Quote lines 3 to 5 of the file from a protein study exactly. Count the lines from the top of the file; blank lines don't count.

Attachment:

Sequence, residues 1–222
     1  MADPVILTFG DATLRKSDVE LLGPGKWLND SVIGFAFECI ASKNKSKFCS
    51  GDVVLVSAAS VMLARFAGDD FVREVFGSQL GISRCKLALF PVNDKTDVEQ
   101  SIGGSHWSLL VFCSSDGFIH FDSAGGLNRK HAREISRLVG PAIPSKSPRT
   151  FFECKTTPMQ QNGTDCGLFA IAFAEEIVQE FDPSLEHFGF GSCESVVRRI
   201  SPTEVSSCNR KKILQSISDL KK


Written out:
    51  GDVVLVSAAS VMLARFAGDD FVREVFGSQL GISRCKLALF PVNDKTDVEQ
   101  SIGGSHWSLL VFCSSDGFIH FDSAGGLNRK HAREISRLVG PAIPSKSPRT
   151  FFECKTTPMQ QNGTDCGLFA IAFAEEIVQE FDPSLEHFGF GSCESVVRRI